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Tuesday, May 31, 2005

Heeding the hormonal call

An enduring question in evolutionary biology is: How optimized are organisms for their environment? This question is perhaps best addressed in the field of sensory biology. It is straightforward to specify both sensory stimuli--such as species-specific communication signals, signals from predator or prey, or noise--and the transmission properties of the environment. Furthermore, it is easy to measure the ability of an animal's sensory system to pick up these signals. Some sensory receptors are sharply tuned to particularly potent signals, whereas others are broadly sensitive to the total array of signals encountered. Of particular interest are examples of apparent mismatches between communication signals and the sensitivity of the receptors receiving them. Could it be that an appropriate well-matched signal has not yet been found? Are the sensory receptors optimally tuned to a different signal that belongs to the evolutionary past? Is the mismatch exploited during, for example, the selection of a mate? Or, is the mismatch a reflection of the dynamic nature of matching between communication signals and sensory systems--that is, does the matching between sender and receiver change depending on the stage of the life cycle or environmental conditions? The answer is provided by Sisneros and colleagues on Science. 2004 Jul 16;305(5682):349-50., who chose as their subject the plainfin midshipman (Porichthys notatus), a nocturnal fish that inhabits Pacific coastal waters. These investigators resolve the apparent mismatch between a vocal mating signal emitted by the male fish and the sensitivity of the female's auditory system by demonstrating that steroid reproductive hormones increase the sensitivity of the female's auditory system to the male's courtship calls. (from Zakon H.)

Fw: Help Increase NIH Funding

ARO Members:

This year Congress is moving with uncharacteristic speed to write and pass its appropriations bills.  Consideration of the bill that contains funding for the National Institutes of Health (NIH) is expected to begin on June 8 in the U.S. House of Representatives. As you may know, the President has recommended just a 0.7% increase in NIH funding for this year, well below the 3.5% rate of biomedical research inflation.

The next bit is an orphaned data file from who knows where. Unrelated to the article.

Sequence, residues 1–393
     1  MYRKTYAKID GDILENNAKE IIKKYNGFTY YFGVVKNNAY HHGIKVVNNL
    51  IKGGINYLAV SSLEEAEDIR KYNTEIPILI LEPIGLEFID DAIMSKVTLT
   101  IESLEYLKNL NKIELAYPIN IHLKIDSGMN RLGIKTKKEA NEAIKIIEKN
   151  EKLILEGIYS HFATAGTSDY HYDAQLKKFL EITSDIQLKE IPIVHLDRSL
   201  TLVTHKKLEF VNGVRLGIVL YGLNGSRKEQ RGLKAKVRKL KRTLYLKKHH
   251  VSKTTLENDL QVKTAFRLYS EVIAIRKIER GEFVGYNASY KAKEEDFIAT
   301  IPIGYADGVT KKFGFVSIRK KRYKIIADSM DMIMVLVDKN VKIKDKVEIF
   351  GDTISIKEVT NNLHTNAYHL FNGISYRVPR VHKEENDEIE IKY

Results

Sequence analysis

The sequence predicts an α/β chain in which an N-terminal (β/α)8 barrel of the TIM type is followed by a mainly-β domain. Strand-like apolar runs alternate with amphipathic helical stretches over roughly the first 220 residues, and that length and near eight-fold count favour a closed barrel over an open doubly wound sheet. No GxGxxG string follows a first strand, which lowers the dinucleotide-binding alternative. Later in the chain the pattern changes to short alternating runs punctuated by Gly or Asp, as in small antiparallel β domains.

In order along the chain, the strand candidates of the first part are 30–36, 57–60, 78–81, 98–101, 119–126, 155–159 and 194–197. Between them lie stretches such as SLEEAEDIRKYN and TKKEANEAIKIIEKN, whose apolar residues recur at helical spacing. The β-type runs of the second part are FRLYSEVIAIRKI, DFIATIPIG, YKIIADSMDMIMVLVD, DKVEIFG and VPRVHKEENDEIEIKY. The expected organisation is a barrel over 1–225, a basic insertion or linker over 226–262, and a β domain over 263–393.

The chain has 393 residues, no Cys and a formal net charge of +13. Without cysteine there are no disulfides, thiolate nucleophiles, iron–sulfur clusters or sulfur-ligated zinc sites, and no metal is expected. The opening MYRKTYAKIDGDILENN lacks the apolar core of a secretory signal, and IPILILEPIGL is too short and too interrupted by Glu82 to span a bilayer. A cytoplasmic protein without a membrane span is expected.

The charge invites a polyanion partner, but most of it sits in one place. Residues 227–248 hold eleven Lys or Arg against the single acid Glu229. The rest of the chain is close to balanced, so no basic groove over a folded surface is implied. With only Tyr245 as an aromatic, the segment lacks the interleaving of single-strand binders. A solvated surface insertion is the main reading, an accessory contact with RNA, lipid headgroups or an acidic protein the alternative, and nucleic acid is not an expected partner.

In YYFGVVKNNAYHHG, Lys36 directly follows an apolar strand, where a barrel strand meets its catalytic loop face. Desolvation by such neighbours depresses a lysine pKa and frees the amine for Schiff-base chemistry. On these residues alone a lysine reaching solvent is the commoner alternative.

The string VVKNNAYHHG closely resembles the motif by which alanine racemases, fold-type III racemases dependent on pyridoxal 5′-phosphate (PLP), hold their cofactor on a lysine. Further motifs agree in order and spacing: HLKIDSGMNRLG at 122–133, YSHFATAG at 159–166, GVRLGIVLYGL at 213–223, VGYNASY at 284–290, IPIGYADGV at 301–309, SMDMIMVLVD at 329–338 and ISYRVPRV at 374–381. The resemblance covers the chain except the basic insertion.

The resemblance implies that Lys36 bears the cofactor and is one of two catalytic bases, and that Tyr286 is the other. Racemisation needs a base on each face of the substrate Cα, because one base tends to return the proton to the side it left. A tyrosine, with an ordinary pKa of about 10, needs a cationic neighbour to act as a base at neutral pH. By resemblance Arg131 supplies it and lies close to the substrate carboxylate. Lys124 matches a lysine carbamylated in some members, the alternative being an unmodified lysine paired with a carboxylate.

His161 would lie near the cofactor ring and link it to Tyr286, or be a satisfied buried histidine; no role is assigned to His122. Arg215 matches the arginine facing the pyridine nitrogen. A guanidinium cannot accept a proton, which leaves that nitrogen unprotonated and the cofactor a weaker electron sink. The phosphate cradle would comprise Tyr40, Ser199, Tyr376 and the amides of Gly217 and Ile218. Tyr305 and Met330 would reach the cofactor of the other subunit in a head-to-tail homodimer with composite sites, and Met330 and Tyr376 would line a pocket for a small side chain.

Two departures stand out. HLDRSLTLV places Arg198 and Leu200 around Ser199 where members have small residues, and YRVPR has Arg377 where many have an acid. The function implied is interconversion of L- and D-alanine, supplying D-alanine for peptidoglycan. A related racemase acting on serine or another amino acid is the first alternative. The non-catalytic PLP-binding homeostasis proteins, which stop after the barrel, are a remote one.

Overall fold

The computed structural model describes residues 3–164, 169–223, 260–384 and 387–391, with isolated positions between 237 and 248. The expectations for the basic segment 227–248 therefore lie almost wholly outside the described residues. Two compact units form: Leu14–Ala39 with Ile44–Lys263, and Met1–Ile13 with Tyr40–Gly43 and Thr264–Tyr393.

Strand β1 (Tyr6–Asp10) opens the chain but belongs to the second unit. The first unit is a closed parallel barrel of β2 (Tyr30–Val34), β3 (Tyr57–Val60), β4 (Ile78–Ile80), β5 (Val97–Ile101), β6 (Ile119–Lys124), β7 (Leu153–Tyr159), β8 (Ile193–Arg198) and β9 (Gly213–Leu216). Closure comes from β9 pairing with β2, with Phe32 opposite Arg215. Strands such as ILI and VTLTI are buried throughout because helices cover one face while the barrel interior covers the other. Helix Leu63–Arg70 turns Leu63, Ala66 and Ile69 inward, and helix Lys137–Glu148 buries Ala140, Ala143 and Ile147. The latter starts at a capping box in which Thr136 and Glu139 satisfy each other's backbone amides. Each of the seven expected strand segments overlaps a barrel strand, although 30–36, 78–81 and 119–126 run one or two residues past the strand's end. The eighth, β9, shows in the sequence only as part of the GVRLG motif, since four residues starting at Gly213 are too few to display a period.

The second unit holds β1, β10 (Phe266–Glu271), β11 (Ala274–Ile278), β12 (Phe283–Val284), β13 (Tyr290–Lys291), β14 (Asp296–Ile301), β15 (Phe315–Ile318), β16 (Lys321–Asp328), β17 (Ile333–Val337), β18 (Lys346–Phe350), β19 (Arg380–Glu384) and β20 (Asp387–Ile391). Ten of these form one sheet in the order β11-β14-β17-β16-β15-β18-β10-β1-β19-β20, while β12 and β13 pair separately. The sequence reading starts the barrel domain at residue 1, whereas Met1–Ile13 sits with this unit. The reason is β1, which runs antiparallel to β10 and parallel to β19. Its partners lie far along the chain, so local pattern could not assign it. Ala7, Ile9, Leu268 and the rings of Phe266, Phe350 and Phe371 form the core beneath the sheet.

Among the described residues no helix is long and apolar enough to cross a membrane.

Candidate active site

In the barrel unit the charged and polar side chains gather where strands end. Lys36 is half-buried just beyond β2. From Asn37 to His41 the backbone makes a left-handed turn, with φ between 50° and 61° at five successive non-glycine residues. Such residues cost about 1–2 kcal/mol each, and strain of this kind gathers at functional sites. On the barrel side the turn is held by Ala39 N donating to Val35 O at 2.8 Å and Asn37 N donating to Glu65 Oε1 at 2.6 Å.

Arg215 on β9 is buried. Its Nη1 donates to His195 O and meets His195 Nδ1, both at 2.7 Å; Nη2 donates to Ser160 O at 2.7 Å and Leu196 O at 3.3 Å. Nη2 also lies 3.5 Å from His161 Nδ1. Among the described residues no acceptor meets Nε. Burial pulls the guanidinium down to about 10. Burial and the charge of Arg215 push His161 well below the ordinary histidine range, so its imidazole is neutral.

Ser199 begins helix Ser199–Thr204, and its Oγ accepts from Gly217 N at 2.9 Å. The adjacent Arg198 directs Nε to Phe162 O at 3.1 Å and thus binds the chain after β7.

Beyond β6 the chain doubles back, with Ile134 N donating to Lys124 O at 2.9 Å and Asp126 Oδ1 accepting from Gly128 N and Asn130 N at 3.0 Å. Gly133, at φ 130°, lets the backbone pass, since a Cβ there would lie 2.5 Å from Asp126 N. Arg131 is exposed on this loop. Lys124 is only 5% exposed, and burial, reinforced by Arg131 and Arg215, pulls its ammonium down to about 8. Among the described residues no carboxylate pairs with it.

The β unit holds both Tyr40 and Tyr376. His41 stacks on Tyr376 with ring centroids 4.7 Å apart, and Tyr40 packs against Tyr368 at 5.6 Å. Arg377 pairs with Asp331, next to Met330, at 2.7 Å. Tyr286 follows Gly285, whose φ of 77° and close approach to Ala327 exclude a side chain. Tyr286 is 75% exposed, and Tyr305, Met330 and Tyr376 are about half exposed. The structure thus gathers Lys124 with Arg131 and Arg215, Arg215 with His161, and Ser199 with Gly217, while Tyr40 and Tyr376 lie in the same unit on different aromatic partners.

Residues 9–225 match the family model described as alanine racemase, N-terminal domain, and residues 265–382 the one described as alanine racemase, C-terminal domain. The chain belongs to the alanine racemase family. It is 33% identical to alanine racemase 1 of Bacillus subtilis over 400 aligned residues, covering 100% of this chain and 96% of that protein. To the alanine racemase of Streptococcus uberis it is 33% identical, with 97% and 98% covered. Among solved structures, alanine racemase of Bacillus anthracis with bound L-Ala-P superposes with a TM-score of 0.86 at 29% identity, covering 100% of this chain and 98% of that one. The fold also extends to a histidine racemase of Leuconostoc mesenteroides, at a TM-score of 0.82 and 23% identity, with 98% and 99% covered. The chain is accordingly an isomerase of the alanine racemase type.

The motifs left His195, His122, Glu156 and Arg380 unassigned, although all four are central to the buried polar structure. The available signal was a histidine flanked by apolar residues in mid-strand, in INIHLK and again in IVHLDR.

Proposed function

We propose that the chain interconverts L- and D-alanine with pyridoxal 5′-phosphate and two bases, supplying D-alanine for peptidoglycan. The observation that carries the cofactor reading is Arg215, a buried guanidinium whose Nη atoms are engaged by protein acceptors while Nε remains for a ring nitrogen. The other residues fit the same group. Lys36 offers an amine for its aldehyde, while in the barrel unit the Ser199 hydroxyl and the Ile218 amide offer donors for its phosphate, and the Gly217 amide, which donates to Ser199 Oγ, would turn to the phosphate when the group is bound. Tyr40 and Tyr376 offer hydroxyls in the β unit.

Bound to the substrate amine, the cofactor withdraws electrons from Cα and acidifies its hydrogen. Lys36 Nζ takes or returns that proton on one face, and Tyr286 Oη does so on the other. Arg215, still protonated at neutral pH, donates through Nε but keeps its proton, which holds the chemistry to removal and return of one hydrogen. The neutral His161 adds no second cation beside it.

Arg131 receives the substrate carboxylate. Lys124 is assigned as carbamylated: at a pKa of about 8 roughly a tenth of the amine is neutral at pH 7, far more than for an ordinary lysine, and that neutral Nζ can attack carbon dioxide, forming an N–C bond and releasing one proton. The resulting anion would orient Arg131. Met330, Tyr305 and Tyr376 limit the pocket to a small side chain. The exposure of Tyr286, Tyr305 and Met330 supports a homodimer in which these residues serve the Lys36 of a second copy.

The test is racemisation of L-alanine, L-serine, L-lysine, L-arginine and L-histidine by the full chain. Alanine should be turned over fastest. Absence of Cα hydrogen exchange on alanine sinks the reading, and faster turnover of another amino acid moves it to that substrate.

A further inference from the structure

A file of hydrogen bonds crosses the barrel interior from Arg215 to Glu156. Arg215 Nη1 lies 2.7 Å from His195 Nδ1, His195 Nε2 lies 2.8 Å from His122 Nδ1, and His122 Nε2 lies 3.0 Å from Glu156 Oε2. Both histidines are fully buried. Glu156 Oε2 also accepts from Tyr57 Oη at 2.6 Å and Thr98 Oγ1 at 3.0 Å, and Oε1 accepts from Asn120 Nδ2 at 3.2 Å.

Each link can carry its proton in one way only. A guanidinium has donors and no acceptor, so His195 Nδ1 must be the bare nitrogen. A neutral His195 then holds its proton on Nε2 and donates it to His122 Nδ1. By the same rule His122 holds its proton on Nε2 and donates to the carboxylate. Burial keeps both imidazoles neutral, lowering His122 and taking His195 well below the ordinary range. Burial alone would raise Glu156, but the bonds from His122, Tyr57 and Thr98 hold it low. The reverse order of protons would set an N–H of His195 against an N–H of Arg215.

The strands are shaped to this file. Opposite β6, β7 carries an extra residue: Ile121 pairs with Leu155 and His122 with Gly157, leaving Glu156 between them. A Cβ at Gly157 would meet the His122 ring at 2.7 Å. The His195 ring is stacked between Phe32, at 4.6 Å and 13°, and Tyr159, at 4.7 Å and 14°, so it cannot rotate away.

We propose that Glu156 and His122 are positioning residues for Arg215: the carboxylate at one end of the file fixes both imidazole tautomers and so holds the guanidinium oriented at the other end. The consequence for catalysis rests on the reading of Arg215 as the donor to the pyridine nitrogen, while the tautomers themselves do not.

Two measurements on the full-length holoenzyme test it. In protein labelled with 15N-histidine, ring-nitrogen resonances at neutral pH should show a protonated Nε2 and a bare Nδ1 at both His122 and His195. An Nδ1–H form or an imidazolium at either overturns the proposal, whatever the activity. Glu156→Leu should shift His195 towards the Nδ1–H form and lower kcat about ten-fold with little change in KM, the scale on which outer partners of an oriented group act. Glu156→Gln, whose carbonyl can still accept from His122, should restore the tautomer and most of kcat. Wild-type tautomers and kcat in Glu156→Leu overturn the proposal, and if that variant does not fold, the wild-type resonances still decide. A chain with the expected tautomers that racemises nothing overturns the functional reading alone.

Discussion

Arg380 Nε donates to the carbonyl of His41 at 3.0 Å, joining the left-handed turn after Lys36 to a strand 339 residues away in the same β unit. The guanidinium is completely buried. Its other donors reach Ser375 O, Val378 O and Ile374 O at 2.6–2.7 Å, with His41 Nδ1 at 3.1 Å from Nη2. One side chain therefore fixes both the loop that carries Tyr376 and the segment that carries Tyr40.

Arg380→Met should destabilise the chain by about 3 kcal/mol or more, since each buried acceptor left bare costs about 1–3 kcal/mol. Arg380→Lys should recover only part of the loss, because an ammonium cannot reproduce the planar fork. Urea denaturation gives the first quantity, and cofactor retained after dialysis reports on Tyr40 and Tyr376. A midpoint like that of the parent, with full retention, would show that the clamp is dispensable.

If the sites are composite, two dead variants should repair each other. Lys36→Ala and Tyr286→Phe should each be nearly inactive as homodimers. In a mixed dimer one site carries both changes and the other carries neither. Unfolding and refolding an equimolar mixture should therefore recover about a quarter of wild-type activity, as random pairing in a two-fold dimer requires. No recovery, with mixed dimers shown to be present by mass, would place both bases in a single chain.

Visit CapWiz, an on-line legislative action center, provided to you by SfN to send a letter to your Representative urging for increased funding: http://capwiz.com/sfn/home/

Thank you in advance for your participation.

Sample Letter:

Dear Representative:

As consideration on the FY 2006 Labor, Health and Human Services, and Education (L-HHS) Appropriations bill moves forward, I urge you to include a 6 percent increase in funding for the National Institutes of Health (NIH).   As a constituent and member of the Association for Research in Otolaryngology, I am concerned with the state of biomedical research funding for this year.

As you may know, the President has recommended just a 0.7 percent increase in NIH funding for this year, well below the 3.5 percent rate of biomedical research inflation.  If enacted, the President's recommendation will actually move research backwards.  The recommendation would result in less funding and fewer grants awarded than in past years.

Reducing our investment in biomedical research has serious negative implications - not just for the health of the American people - but also for our economic strength as a nation, as Europe and Asia press forward with strong commitments to research.

The Association for Research in Otolaryngology represents more than 2,000 basic and clinical researchers from around the globe who are dedicated to improving the understanding of hearing and other communication disorders.  The U.S. commitment to advancing scientific progress and health benefits is dependent upon federal health dollars.

An increase of 6 percent is needed to meet inflation and restore funds that have been transferred for other purposes in the current year.  Please support at least a six percent increase in NIH funding in the FY06 L-HHS Appropriations bill.

Thank you for your consideration.

This letter was modified from a Society for Neuroscience request.

Friday, May 27, 2005

Animal's life saves human life! Posted by Hello

Monday, May 23, 2005

Fw: Auditory hair cell replacement by gene therapy in deaf mammals

This is a follow-up of similar gene therapy for hearing loss involved with hair cell, published in Nature medicine 13 February 2005.
An exciting discovery which will benefit certain senior people with hearing loss. However, we need to wait to see if it works for humans.

SRF mediates activity-induced gene expression and synaptic plasticity

Just published in Nature Neuroscience, 8 May 2005, the paper addressed the issue of synaptic activity-dependent gene expression, which is critical for certain forms of neuronal plasticity and survival in the mammalian nervous system.It is a very interesting advance in use-dependent modification of synaptic strength in the adult brain.

Friday, May 06, 2005

Noise can prevent progressive sensorineural hearing loss

Research paper has been published in J Comp Neurol. 2004 May 3;472(3):358-70. The research indicated that prolonged exposure to augmented acoustic environment on auditory system of middle-aged mice can prevent outer hair loss in the cochlear and save the neurons in the cochlear nucleus. It also implicates a sex difference.
According to the research, women should use hearing aid earlier to fight hearing loss after menopause or afflicted with hearing loss associated with menopause.